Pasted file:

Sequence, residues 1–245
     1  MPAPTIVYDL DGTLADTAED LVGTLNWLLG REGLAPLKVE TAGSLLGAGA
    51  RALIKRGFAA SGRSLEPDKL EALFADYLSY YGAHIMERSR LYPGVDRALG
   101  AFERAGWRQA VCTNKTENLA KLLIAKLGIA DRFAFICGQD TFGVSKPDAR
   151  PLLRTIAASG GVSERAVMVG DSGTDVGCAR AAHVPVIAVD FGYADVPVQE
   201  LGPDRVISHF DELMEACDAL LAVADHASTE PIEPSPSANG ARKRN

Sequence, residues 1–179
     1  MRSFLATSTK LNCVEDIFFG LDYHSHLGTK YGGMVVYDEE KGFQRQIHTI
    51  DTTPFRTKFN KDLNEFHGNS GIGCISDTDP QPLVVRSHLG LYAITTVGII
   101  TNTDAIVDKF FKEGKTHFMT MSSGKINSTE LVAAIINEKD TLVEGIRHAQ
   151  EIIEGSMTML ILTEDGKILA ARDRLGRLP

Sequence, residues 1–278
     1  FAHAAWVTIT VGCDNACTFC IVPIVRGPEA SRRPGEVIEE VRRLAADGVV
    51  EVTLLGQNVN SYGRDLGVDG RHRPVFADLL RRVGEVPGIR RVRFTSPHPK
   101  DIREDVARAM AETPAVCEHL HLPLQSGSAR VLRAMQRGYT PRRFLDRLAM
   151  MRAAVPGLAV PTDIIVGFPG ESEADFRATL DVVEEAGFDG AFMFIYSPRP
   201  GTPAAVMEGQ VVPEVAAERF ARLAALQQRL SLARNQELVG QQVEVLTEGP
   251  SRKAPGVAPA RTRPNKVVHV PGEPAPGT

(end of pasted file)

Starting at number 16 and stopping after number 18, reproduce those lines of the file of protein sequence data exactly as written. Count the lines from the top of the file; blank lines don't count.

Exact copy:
   151  MRAAVPGLAV PTDIIVGFPG ESEADFRATL DVVEEAGFDG AFMFIYSPRP
   201  GTPAAVMEGQ VVPEVAAERF ARLAALQQRL SLARNQELVG QQVEVLTEGP
   251  SRKAPGVAPA RTRPNKVVHV PGEPAPGT